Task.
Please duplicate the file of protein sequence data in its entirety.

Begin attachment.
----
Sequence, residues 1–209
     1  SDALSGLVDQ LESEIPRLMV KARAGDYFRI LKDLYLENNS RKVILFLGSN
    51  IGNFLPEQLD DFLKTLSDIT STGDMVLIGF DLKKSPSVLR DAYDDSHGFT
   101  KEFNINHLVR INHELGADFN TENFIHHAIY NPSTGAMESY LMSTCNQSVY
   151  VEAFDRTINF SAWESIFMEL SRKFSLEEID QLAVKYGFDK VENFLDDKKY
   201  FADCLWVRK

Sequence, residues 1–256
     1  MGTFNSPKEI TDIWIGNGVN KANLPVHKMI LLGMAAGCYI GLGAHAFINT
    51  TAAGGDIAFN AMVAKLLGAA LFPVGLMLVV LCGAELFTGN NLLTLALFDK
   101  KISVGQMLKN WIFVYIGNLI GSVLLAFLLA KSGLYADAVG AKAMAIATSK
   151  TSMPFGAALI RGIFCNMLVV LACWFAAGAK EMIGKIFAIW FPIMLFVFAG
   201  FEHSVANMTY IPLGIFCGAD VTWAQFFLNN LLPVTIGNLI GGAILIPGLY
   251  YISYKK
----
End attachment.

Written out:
Sequence, residues 1–209
     1  SDALSGLVDQ LESEIPRLMV KARAGDYFRI LKDLYLENNS RKVILFLGSN
    51  IGNFLPEQLD DFLKTLSDIT STGDMVLIGF DLKKSPSVLR DAYDDSHGFT
   101  KEFNINHLVR INHELGADFN TENFIHHAIY NPSTGAMESY LMSTCNQSVY
   151  VEAFDRTINF SAWESIFMEL SRKFSLEEID QLAVKYGFDK VENFLDDKKY
   201  FADCLWVRK

Sequence, residues 1–256
     1  MGTFNSPKEI TDIWIGNGVN KANLPVHKMI LLGMAAGCYI GLGAHAFINT
    51  TAAGGDIAFN AMVAKLLGAA LFPVGLMLVV LCGAELFTGN NLLTLALFDK
   101  KISVGQMLKN WIFVYIGNLI GSVLLAFLLA KSGLYADAVG AKAMAIATSK
   151  TSMPFGAALI RGIFCNMLVV LACWFAAGAK EMIGKIFAIW FPIMLFVFAG
   201  FEHSVANMTY IPLGIFCGAD VTWAQFFLNN LLPVTIGNLI GGAILIPGLY
   251  YISYKK